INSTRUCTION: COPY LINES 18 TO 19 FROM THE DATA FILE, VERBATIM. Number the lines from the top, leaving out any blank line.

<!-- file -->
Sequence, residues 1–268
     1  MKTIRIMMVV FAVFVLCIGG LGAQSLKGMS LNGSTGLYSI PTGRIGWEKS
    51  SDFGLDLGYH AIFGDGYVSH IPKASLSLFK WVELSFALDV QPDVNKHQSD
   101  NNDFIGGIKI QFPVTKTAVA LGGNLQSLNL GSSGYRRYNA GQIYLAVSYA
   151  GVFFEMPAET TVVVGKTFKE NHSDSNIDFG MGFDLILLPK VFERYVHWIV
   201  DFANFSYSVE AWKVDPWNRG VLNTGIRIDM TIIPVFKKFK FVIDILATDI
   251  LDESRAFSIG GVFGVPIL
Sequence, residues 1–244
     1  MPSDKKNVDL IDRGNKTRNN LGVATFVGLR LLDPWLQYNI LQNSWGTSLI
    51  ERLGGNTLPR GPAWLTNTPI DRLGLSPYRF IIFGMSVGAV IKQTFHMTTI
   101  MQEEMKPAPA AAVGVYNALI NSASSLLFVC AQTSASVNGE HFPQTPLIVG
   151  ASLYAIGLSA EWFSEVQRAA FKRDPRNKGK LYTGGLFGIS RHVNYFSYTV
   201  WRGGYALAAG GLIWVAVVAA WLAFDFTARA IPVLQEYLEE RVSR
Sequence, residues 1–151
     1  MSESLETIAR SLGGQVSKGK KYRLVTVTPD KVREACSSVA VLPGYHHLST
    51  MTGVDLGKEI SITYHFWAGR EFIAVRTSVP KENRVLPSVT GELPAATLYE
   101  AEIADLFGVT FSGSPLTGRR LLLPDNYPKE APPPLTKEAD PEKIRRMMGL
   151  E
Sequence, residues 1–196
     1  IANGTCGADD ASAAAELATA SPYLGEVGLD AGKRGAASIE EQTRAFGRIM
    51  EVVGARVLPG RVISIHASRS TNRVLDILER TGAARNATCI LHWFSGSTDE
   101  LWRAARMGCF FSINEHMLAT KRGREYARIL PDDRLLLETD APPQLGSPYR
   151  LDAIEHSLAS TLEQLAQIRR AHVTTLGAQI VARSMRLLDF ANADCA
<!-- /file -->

   151  E
Sequence, residues 1–196